University of South Florida

School of Theatre & Dance

College of the Arts

Emeriti and Retired Faculty

Denis Calandra

Professor Emeritus of Theatre
Shakespeare for Theatre and American Drama

Denis Calandra is a writer and teacher.

A native of Brooklyn, N.Y., Denis Calandra earned a doctorate from the University of Nebraska. For seven years, he taught drama and theatre in Germany (at the University of Regensburg) and in London, England (at Middlesex University). In 1978 he came to the University of South Florida (USF) in Tampa, Fla. He chaired the Department of Theatre from 1992 to 2001. As chair he was instrumental in establishing the $2 million endowed British International Theatre guest artist program.

Calandra's publications include two books, New German Dramatists, Macmillan, London and New York, 1983; and Rainer Werner Fassbinder: Plays, PAJ, New York, 1985; reissued by Johns Hopkins Press, 1992. The latter remains in print in 2006. The translations are regularly produced professionally throughout the Anglophone world. In 2005 his Petra von Kant translation served as the libretto for Gerald Barry's opera of the same name: premiere in London at English National Opera. A two-CD recording of the opera with the Irish National Orchestra is also in print.

Calandra has written for numerous professional and academic journals. His chapter on 'reception theory and audiences' appears in New Directions in Theatre, Macmillan, London, 1993. His article on Bertolt Brecht and the popular Bavarian comedian Karl Valentin appears as a chapter in Popular Theatre, Routledge, New York and London, 2003.

In 1991, with a grant from the Florida Humanities Council, Calandra conceived, produced and directed the Florida Chautauqua, an interactive chronicle which toured the state.

In 1993 Calandra and Jose Yglesias wrote and produced a stage version of Studs Terkel's Race: How Blacks and Whites Think and Feel About the American Obsession.

Calandra's research in 1990/91 with Dr. Nicholas Hall (psychoneuroimmunology, USF) on actors' immune system responses in rehearsal and performance led to a pilot study during a residency at the Arizona State University Institute for Studies in the Arts. The study was filmed for Healing and the Mind with Bill Moyers (PBS). An article on the project by Hall, Calandra and others appears in Advances, the Journal of Mind-Body Health, Vol 10, #4, 1994.

In 2005 Calandra’s original play with music, Cuban Bread, premiered in Tampa as part of the city-wide ARTE 2005 festival.

In 2008 Calandra and Matthew Francis’s adaptation of Carl Hiaasen’s novel Lucky You premiered professionally at the Assembly Rooms at The Edinburgh Festival. It subsequently played the Oxford Playhouse in England. The play had a developmental production at the Waterfront Theater in Key West in 2006.

The chief innovation in Calandra's teaching career has been the establishment of the undergraduate research Theatre Honors Program at USF. For the past 20 years this program – noted as 'exemplary' by the National Association of Schools of Theatre – has attracted motivated students to intensive research in performance and in academic fields under the guidance of top faculty and international artists.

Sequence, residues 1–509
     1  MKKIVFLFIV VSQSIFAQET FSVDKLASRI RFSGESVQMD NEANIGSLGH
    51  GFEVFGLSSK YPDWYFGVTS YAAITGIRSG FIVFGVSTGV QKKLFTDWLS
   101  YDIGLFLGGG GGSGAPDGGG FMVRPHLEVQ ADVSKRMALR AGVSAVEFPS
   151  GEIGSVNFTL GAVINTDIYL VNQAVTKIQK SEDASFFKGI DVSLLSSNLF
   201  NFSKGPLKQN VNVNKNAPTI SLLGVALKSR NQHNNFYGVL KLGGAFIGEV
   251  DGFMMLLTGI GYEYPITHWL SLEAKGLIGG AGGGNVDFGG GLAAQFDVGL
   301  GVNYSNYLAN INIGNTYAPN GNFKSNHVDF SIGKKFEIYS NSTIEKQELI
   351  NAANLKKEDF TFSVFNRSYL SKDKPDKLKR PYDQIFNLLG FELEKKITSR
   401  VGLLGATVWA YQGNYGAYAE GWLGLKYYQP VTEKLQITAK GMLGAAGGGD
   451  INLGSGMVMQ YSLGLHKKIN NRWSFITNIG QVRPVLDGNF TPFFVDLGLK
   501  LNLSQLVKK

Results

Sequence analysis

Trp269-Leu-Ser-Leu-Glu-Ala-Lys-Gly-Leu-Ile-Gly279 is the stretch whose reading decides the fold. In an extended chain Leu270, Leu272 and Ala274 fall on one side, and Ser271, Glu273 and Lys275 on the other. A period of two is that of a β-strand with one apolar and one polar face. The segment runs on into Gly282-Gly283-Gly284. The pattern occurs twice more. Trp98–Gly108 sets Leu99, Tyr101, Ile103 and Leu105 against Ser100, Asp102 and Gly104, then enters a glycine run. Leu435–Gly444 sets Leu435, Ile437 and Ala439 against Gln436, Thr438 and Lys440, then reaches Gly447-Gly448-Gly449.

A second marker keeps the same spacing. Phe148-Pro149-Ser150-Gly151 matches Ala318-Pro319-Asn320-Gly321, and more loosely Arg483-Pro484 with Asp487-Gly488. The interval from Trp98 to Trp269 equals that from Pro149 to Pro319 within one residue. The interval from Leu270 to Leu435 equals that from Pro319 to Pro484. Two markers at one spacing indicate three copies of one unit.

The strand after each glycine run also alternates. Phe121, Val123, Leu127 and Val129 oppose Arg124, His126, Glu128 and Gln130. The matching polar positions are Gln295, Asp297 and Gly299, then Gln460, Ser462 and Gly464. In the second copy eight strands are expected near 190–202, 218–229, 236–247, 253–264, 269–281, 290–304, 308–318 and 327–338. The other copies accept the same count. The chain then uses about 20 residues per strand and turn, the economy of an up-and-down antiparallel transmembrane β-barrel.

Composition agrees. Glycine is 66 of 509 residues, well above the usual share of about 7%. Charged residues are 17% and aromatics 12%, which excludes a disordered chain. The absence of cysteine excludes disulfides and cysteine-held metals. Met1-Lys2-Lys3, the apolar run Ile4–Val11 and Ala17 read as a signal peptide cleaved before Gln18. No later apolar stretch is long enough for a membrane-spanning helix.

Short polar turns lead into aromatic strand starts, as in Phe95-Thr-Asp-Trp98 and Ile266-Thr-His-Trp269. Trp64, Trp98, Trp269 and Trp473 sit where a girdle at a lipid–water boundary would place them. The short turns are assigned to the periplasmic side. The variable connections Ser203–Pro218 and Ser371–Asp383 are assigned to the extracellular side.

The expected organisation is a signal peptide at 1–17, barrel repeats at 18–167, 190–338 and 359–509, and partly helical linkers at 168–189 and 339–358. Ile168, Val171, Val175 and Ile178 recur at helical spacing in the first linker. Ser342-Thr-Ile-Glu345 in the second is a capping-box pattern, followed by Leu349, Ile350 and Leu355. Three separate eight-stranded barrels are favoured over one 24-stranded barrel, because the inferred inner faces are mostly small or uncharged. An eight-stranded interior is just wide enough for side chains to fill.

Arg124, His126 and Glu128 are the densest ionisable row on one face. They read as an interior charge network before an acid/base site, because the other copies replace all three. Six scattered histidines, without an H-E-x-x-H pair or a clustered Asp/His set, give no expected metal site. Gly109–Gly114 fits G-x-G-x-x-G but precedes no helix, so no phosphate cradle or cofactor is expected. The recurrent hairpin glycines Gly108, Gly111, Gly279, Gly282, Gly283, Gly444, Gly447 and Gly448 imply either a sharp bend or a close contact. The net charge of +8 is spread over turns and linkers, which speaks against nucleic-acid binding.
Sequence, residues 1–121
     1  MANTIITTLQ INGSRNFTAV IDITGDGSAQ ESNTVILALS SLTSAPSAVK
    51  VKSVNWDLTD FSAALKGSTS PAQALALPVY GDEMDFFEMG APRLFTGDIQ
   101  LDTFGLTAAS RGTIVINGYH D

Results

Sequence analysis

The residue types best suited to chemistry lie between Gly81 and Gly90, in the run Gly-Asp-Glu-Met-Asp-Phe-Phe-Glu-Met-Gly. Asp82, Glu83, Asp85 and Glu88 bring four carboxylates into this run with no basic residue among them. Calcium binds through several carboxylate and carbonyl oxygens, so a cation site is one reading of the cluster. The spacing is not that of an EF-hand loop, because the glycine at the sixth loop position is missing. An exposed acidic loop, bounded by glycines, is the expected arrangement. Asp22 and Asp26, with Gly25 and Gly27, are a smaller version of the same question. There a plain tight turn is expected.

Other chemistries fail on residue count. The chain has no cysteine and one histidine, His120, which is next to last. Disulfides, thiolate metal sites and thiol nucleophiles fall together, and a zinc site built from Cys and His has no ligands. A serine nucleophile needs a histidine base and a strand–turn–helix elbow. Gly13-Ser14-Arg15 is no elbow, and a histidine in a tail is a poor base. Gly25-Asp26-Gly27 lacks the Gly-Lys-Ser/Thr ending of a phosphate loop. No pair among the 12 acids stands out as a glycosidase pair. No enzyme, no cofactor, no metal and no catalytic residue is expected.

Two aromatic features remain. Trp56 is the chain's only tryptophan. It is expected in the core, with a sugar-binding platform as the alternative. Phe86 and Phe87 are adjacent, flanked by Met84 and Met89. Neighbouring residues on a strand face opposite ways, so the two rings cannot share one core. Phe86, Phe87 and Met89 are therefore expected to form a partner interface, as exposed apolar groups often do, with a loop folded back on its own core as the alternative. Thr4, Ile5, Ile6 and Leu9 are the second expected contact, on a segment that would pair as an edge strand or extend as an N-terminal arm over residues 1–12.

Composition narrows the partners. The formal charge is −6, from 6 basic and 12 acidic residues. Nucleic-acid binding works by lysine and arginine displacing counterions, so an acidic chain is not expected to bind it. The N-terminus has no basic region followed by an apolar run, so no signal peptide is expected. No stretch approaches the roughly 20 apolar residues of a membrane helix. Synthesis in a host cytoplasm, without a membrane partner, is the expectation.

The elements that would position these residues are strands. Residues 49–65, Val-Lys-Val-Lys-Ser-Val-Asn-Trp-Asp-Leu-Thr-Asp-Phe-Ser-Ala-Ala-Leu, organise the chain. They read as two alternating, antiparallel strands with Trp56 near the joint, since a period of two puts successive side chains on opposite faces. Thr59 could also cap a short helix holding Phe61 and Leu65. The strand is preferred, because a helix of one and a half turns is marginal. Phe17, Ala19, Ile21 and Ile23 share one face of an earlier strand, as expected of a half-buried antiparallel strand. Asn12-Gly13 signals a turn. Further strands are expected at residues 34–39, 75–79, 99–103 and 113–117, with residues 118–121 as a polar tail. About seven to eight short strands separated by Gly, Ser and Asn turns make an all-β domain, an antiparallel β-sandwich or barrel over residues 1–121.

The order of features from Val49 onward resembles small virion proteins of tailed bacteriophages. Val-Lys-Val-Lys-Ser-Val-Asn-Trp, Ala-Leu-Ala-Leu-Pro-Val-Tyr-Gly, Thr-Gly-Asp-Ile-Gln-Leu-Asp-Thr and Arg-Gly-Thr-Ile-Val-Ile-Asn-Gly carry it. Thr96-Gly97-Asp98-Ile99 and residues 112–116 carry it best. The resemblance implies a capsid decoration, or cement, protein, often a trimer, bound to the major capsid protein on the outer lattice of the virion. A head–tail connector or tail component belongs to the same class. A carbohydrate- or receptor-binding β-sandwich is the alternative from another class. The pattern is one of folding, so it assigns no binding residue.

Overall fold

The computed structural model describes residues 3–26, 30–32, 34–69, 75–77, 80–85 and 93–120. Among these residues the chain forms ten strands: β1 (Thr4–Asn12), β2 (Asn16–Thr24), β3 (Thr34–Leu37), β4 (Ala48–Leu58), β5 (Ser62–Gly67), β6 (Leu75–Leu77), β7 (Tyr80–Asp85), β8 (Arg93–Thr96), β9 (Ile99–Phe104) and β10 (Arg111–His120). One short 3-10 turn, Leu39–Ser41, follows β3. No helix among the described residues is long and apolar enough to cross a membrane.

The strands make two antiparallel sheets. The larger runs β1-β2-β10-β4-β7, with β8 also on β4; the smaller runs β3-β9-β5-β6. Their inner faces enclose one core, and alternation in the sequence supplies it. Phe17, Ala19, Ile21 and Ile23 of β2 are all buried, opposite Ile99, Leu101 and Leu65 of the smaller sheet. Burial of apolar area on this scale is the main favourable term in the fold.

Nancy Cole

Professor Emerita of Theatre

Nancy Cole was born in Brooklyn, N.Y., and grew up in a combination of places, from Washington, D.C., to England, and then Middletown, Ohio. "Because of the size of our community in Ohio, I more or less postponed my real theatre training until I went to university." Nancy attended Indiana University, and then went on to obtain her Master of Fine Arts degree, the terminal degree for those in the practicing fine arts fields.

In 1976 she was urged to apply for the Chair of the Theatre Department at the University of South Florida. Nancy accepted the job and has been involved with USF in the College of Visual and Performing Arts for 30 years. During her time here at USF she has made an impact on students both inside the classroom and out. She directed and produced many plays here at USF and in the Tampa community.

 

Sandra Robinson

Professor Emerita of Dance  

Sandra Robinson has been an associate professor of the dance faculty in the College of The Arts at the University of South Florida since 1982 and was appointed associate director of the School of Theatre & Dance in 2001. Prior to this, Professor Robinson earned her Bachelor of Fine Arts in ballet performance at the prestigious North Carolina School of Arts and performed professionally with North Carolina Dance Theatre (NCDT) and Pennsylvania Ballet. In her position as Ballet Mistress for NCDT, she worked closely with director Robert Lindgren in the restaging of classical and modern repertory and the training of company members. Professor Robinson assisted Agnes de Mille in the formation of her company, American Dance Heritage, and assisted Ann Reinking in the California production of Chicago and a ballet, Nilsson Schmilsson for Spectrum Dance Theatre in Seattle.